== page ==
Monday, 21 January 2013

10 More Things to Keep a Snowbound Pupil Occupied...for the Sixth Former.

  1. Read a newspaper editorial (see for examples), and the newspaper coverage of the same story. To what extent does one relate fact without opinion, and the other give opinions without facts?
  2. Demonstrate (to yourself, for the intellectual pleasure of it) why Pascal’s triangle is composed of lines which are powers of 11. (The top line is 110, the next is 111, the third is 112 etc).
  3. Find 10 puns with which you could make light-hearted comment on a supermarket including horsemeat in their processed meat products. (“They are having a ‘mare with their burgers” etc).
    Alternatively, can you make a case FOR including horsemeat in processed meat products? (In general, arguing the case for something you disagree with is substantially more difficult than presenting your own views).
  4. Take an article from a respected publication (The Economist, The New Scientist etc), and highlight in different colours phrases or sentences which are historical narrative, those which are impartial analysis, and those which demonstrate (partial) evaluation and judgement. What do you learn about the intention of the writer? Now compare the balance of these contents with a piece of your own writing - what does this teach you?
  5. Work out which scientific equation is most worthy of inclusion in the National Curriculum – ie should be taught to all young people. Why that one?
  6. From your study of history, find a time when statesmen or other important decision makers have demonstrated that they have learned from history, and find five pieces of evidence to support that.
  7. Of all the books you have ever read, choose one that you would most highly recommend to your son/daughter when they are exactly the same age as you. Write the title and reasons on a piece of paper, put it in an envelope and keep it in a safe place.
  8. Find a work of art (painting, music, performance art) which makes your spirits soar, and which you would be prepared to contemplate every day for a year. Write down why in a digital diary entry for yourself in 12 months time, so you can see how you have changed next year.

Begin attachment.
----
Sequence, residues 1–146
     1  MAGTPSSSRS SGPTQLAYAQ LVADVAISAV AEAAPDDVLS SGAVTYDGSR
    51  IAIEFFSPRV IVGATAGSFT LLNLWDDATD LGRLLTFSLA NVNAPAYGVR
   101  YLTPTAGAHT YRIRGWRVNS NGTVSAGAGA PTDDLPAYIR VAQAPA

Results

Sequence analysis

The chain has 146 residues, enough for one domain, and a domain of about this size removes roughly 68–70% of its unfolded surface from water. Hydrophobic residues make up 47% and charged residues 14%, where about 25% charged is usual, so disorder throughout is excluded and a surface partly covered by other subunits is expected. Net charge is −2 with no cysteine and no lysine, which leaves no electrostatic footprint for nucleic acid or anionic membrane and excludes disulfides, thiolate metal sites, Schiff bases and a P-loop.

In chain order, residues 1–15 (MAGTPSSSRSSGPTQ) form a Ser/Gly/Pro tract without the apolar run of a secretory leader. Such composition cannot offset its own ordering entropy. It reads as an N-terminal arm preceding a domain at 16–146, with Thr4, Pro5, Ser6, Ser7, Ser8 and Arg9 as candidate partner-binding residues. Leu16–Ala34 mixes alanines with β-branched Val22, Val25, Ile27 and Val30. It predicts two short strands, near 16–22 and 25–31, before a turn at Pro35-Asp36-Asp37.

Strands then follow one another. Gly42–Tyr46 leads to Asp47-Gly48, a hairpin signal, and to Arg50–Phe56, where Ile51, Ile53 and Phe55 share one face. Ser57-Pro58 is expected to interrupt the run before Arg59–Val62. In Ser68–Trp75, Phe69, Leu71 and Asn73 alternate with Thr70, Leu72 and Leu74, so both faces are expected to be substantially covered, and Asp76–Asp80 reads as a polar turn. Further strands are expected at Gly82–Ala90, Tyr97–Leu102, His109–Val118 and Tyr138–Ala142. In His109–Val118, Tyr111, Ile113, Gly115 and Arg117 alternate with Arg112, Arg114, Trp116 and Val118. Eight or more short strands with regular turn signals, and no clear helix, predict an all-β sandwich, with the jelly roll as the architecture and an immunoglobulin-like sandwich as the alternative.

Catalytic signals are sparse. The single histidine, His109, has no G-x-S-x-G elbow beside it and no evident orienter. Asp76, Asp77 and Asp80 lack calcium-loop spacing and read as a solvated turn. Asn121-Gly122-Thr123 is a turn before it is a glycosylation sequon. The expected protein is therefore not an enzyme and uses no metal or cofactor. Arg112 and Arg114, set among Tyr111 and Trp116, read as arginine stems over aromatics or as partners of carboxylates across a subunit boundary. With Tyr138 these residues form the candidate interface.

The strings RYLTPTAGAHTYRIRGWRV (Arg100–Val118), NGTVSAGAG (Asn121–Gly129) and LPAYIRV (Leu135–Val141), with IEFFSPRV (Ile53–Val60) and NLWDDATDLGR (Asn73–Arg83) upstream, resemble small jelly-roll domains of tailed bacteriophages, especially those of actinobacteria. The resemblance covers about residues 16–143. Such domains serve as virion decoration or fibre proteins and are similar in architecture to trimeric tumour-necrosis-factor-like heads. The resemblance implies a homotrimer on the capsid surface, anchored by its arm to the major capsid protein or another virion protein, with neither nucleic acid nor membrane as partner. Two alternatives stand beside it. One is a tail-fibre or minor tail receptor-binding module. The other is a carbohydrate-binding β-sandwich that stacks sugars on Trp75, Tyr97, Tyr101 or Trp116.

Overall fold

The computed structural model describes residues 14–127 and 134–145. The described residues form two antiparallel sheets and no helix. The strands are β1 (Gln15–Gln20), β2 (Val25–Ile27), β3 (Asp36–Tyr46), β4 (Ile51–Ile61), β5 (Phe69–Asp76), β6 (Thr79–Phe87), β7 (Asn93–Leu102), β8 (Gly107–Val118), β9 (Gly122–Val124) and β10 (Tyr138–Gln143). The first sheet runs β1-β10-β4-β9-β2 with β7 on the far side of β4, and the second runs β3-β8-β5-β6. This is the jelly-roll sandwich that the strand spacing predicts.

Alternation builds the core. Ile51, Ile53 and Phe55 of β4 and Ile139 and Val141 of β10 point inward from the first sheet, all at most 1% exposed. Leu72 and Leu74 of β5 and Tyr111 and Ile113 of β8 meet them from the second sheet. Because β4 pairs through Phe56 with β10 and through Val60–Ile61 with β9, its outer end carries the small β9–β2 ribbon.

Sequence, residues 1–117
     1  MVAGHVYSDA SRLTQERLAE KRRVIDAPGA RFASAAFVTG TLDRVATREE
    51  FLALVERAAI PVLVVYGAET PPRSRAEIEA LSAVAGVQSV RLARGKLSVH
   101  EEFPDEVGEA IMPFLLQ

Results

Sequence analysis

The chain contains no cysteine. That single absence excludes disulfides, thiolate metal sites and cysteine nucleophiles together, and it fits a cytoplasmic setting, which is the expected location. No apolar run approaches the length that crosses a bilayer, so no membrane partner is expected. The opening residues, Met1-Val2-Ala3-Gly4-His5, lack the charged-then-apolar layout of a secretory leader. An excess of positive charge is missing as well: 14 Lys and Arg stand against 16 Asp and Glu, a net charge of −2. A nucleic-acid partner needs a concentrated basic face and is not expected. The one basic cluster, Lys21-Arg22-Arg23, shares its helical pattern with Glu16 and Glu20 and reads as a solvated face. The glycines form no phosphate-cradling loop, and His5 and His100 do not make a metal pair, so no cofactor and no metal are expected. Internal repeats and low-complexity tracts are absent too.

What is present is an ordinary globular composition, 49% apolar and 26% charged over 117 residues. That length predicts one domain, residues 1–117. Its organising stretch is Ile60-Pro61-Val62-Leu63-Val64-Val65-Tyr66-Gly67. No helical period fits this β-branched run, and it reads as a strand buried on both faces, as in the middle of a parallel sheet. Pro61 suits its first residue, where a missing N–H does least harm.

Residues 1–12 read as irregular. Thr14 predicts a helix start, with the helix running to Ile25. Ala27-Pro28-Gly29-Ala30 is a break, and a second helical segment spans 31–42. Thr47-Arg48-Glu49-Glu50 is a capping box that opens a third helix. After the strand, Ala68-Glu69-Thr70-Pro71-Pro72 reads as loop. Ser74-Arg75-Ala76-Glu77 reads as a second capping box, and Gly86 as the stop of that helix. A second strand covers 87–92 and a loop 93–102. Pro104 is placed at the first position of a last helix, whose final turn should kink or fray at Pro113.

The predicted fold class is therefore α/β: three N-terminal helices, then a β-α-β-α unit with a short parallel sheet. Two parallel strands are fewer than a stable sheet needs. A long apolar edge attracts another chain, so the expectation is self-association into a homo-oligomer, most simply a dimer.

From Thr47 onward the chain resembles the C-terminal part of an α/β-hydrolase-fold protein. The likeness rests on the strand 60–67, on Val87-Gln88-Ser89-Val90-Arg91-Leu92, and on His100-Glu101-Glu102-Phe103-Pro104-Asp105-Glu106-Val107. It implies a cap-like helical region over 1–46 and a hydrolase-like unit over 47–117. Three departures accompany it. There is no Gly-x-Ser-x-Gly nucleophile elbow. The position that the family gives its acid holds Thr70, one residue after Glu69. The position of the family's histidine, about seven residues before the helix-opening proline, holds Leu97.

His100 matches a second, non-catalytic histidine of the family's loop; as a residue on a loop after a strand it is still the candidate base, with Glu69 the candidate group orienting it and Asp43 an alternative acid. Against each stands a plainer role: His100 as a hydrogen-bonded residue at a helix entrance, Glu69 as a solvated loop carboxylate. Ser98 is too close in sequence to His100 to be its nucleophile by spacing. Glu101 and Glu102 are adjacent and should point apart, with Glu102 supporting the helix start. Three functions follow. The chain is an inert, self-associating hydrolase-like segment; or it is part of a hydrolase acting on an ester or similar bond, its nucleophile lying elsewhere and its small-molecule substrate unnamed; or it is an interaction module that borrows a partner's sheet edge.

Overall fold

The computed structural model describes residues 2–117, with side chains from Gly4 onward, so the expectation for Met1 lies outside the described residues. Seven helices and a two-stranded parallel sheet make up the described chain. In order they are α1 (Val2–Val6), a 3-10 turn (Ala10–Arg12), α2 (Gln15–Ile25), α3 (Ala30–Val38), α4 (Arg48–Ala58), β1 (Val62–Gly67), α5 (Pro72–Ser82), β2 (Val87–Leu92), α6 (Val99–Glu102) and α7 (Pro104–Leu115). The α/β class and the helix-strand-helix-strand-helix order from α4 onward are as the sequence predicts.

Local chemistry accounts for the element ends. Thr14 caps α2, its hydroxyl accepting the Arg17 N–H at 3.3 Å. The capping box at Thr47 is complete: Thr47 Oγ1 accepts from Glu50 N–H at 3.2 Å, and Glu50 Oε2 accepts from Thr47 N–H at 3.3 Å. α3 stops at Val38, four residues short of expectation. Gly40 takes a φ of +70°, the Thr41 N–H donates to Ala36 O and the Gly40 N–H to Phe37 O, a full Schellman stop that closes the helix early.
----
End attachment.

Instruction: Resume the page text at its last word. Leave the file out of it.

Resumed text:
9. Consider the attribute of a plant or animal which you consider to me most astonishing in its capability. Compare, in writing, this ‘achievement’ of the natural world with what you consider to be the most significant achievement of mankind. Which do you consider greater?
  10. Work out the most significant and inspiring lesson you have had at school so far this year which has had no relevance to any examined courses you are currently studying. Write to that teacher to thank them for that lesson, saying why it affected you so positively.
There is no guarantee that any of these will make you perform better in your exams, but they will contribute to increasing your intellectual capabilities.

Friday, 18 January 2013

Ten Things to do While Stuck at Home Because of Snow.

  1. Review notes from last term: memory is enhanced by repetition – going over notes and (even better) writing revision notes will refresh memory, and help to get material into long term memory.
  2. Take the file used for a subject, and order it, creating a contents page at the beginning of every section, listing all the handouts and pieces of work within the section, and syllabus headings and subheadings – knowing which part of a topic any question is referring to, and where it falls in the grand scheme of things, is a very valuable skill in an exam when under time pressure.
  3. Turn linear notes on a topic into a mind-map – using different colours, and if possible images printed off the internet, and cut and pasted onto the mind-map.
  4. Write down questions to address to teachers: so that one to one time can be used wisely when the opportunity arises. It is good to aim for five questions in each subject.
  5. Find 5 pieces (words or phrases) of technical vocabulary in each subject that are not perfectly understood. (Any term that cannot be instantly and fluently defined orally is not perfectly understood).
  6. Try to set a short test for peers on the theme: ‘...what is the difference between...?’ picking two very similar or related ideas for each question. (eg ‘What is the difference between an excuse and a reason?’ ‘what is the difference between velocity and speed?’ ‘What is the difference between fixed and variable costs?’)